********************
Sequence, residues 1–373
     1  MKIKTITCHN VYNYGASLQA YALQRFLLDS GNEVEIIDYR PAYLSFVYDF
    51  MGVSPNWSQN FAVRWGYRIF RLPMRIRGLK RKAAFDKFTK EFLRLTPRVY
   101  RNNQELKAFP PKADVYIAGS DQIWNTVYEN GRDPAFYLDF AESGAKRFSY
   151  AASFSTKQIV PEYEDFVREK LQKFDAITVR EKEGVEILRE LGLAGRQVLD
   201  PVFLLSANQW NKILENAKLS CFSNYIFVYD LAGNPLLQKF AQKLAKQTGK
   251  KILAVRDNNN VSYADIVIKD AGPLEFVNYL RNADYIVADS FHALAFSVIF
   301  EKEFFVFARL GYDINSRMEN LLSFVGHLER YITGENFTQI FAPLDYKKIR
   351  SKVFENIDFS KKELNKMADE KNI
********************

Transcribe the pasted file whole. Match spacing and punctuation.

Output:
Sequence, residues 1–373
     1  MKIKTITCHN VYNYGASLQA YALQRFLLDS GNEVEIIDYR PAYLSFVYDF
    51  MGVSPNWSQN FAVRWGYRIF RLPMRIRGLK RKAAFDKFTK EFLRLTPRVY
   101  RNNQELKAFP PKADVYIAGS DQIWNTVYEN GRDPAFYLDF AESGAKRFSY
   151  AASFSTKQIV PEYEDFVREK LQKFDAITVR EKEGVEILRE LGLAGRQVLD
   201  PVFLLSANQW NKILENAKLS CFSNYIFVYD LAGNPLLQKF AQKLAKQTGK
   251  KILAVRDNNN VSYADIVIKD AGPLEFVNYL RNADYIVADS FHALAFSVIF
   301  EKEFFVFARL GYDINSRMEN LLSFVGHLER YITGENFTQI FAPLDYKKIR
   351  SKVFENIDFS KKELNKMADE KNI